There is a big push at the moment for people to learn to code, to use computers to not just to consume content but to create it as well.  I decided to write a museum app to explore this idea and look at the the potential pitfalls of doing this both from a app writer ,visitor point of view and what benefits and problems it would cause a museum.

First thing pick a museum and collection. The Science Museum might seem an obvious choice as I have easy access to the collection and information. I also really like my job and The Science museum had just launched an official iPad app. Creating a guerrilla version of that app seemed a really bad idea if I wanted to keep my job.  I wanted to be a little subversive but I'm not stupid.

Around Christmas Time  Team Cooper launched a game little browser game  called Farter Christmas. It was silly, childish and great fun.  That gave me the idea, combine the childishness of a fart app with the high culture of the statues in the Victoria and Albert museum.

The concept was simple and didn't change. Pick around five or six statues, find out a few  facts for each one and reveal a random fact combined with a fart noise.

The first version of the app was really easy to write and operationally didn't change through the development. It had just one small problem. The app crashed a lot.  It took quite a lot of digging around the developer docs and Stack Exchange pages to find out how to cure the problem. hitting a problem like this instantly takes the app creation process from something that an absolute beginner could do to something that requires either great determination and time spent learning other app development skills and knowledge, or assistance from somebody more experienced.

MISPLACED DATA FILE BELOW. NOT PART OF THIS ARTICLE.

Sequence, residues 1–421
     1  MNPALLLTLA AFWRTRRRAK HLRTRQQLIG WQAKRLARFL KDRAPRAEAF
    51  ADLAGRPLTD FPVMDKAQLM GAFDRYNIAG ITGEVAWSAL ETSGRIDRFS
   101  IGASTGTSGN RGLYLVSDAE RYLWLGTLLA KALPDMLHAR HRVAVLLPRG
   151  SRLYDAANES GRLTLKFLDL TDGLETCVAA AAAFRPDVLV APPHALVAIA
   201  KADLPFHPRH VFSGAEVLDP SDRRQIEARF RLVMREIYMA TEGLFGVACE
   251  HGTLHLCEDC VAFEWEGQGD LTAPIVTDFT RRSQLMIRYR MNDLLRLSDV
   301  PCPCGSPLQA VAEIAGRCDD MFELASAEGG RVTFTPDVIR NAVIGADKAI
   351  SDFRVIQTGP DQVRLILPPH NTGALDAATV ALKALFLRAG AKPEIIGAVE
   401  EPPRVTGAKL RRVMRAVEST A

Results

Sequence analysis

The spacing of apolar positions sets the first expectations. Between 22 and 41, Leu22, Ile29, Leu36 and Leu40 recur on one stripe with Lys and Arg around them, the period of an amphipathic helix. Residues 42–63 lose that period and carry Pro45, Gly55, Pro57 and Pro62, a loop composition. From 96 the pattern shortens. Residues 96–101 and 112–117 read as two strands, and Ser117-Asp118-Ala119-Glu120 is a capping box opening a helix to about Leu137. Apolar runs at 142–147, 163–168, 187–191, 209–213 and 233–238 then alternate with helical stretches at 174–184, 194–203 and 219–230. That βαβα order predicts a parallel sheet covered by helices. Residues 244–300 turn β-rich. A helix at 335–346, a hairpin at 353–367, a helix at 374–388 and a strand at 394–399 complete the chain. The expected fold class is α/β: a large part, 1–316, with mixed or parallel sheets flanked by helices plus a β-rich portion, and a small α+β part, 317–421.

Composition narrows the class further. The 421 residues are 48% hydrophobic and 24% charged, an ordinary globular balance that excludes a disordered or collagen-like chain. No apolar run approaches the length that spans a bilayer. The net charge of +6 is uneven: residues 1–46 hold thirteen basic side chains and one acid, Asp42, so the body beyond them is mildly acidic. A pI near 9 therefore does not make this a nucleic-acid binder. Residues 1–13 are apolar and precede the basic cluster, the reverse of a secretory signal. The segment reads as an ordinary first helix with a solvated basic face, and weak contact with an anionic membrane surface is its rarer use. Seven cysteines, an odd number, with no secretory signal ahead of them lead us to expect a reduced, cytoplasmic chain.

Once I had solved that problem there wasn't really any other technical problems.

Finding Content 

The next part was to find the  statues and facts about each one. The finished app only has two statues from the V & A.  They are the Dacre beasts - Dolphin and the Bather by Albert Toft. The biggest problem with selecting statues was finding the Content.  I  really loved the Dacre beasts so was glad to find information  about them, but very little on the V & A website.  There was only really Rodin's The Thinker that had a lot of easily available information because it is such a famous piece.


The Dacre Beasts, The Dolphin
The Dacre Beasts, The Dolphin

So not only did I have to widen it out to to statues not only in the V & A I had to widen it out to statues outside of museums all together. That is why the Moai Statues of Easter island are included.

Morals and Ethics

Its a silly app with farting statues, it might not seem that Morals and Ethics would be a concern.  While walking around the V & A I realised that a lot of statues are of a religious nature. They have representations of Buddha, other Indian Gods and the Madonna and Child.  Using any of those in the app could potentially be offensive to people of any of those religions. I wanted to create a fun app not one that could cause serious offence, again i wanted to be a little subversive but i'm not stupid.

Copyright and Licensing

The two V & A statues that I used the Dacre Beasts Dolphin and the Bather are both photographs that i took myself, why? I couldn't find any appropriately licensed images to use.  All of the other photographs are from Wikimedia and either Creative Commons Licensed or released into the public domain. That was the reason for the prominent credits button on the front screen, I wanted to make sure that the licensing of the images  was clear and up front.